Should a Proposal “Pay for Itself” (and How do We Know if it Does)?

Filed Under (U.S. Fiscal Policy) by Don Fullerton on Sep 18, 2009

A member of Congress who wants to spend additional money often has to say what tax will be raised to pay for it.  Somebody else who wants a particular tax cut for their favorite lobbyist may have to say what other tax will be raised.  As a general principle, this kind of “budget neutrality” is often a good idea.  In all likelihood, the Tax Reform Act of 1986 only succeeded because it was revenue neutral.  It broadened the tax base and lowered tax rates, to fix the tax system without changing the amount collected.

But how is revenue neutrality calculated?  Politicians on both sides of the aisle call upon the non-partisan Congressional Budget Office (CBO) as the arbiter of budget balance.  If important policy choices must pass the CBO’s litmus test, then we need to understand what test is being administered.  According to its website, the “CBO’s [cost estimate] statement must also include an assessment of what funding is authorized in the bill to cover the costs of the mandates and, for intergovernmental mandates, an estimate of the appropriations needed to fund such authorizations for up to 10 years after the mandate is effective” (http://www.cbo.gov/CEBackground.shtml).  This CBO test has a few major problems that could limit the benefits from a policy, or even prevent enactment of a good policy.

First of all, not every act of Congress must be revenue neutral.  But policymakers may want the restriction of revenue neutrality, in order to “prove” they are fiscally responsible.  Recently, President Obama in his health care policy speech to a joint session of Congress promised that he “will not sign a plan that adds one dime to our deficits — either now or in the future.”  Thus, one general problem is: who decides which projects must be revenue neutral?

Second, of course, a project may generate revenue or cost savings after ten years.  President Obama’s health care reform has initial start up costs, but it may “bend” the long-run cost curve for federal expenditures on Medicare and Medicaid, so that cost savings accrue and accumulate over more than ten years.  In general, the CBO’s ten-year balance sheet could say that a policy adds to the debt over ten years, even though it may save taxpayer dollars in the long-run.  On Wednesday, September 16, 2009, the CBO released its official cost estimate for the Senate Finance Committee’s draft health care bill, stating that it would have a “net reduction in federal budget deficits of $49 billion over the 2010–2019 period” (http://cboblog.cbo.gov/?p=354).  However, an additional, unofficial estimate by the CBO concluded that the “the added revenues and cost savings are projected to grow more rapidly than the cost of the coverage expansion”, meaning that over a longer time horizon that the bill further reduces the deficits.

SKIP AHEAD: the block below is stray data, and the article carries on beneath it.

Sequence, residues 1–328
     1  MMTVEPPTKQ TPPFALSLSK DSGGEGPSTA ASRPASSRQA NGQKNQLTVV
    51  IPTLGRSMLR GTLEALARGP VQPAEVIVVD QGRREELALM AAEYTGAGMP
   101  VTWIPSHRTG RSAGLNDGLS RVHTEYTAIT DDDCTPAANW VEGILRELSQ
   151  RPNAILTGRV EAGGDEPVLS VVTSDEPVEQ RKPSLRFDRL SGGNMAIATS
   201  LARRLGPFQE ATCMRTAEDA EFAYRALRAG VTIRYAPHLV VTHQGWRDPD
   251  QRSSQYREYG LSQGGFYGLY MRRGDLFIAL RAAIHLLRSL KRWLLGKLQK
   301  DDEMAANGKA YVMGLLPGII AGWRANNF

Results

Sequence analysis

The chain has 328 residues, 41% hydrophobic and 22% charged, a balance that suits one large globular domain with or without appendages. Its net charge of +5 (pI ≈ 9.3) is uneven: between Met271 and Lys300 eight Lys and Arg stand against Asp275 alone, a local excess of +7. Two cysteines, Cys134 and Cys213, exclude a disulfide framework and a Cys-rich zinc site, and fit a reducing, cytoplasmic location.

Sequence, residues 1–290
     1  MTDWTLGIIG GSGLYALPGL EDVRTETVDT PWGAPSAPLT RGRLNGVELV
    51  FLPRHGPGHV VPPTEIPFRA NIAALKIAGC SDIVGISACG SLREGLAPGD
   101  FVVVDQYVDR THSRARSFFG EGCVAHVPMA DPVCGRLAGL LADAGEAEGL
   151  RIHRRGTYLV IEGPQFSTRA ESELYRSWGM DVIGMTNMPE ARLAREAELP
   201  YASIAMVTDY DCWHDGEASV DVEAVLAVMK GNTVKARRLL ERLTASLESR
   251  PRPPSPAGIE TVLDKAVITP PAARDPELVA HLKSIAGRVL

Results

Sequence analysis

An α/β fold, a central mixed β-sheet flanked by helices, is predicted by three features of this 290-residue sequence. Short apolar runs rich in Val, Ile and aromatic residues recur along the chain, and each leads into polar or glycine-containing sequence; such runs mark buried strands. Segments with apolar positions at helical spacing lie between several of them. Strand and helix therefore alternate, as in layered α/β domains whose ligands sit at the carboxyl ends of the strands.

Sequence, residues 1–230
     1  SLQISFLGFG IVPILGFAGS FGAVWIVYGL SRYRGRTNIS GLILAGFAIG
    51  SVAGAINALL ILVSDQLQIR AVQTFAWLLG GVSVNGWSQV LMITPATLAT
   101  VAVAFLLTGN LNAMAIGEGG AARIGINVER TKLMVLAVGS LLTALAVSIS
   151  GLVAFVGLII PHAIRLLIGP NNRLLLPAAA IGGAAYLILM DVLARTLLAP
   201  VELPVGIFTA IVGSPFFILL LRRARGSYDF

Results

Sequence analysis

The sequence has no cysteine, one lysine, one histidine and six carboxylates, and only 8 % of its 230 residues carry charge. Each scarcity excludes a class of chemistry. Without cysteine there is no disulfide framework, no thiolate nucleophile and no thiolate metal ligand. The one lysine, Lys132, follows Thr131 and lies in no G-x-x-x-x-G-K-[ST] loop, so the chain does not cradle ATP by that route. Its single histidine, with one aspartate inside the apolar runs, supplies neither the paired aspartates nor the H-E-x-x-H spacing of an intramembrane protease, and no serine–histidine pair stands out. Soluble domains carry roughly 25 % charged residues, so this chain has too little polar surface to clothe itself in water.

To be clear, the federal debt is a real concern.  Running massive deficits that pile up year after year is unsustainable and irresponsible.  But a strict CBO ten-year cost estimate test may not be the best way to evaluate a potential policy change.

A third problem is that any such test must be somewhat arbitrary, regarding what is counted as “revenue”.  Does it just count actual dollars flowing into government coffers?  What about features of a policy that reduce future outflows?  Some pieces of additional spending in proposed health care reforms are intended to improve future heath and thus to avoid the need for some future medical expenses.  The CBO would count current “preventive care” spending as a cost, but it may not count the fact that this current spending could reduce the need for Medicare and Medicaid to pay for some future medical procedures.

Fourth, and most importantly, even if NOT revenue-neutral, SOME policies are still valuable, important, and worthwhile.  A project may have generalized benefit to everybody in society that exceeds the actual social cost, meaning that it passes a benefit-cost test, even though it requires government spending and is not “revenue neutral”.

Any revenue-neutrality test is a way for policymakers to “tie themselves to the mast” and prevent them from pork spending of the most egregious sort.  Maybe that’s good and worthwhile.  But it may also mean we can’t have some other worthwhile policies either.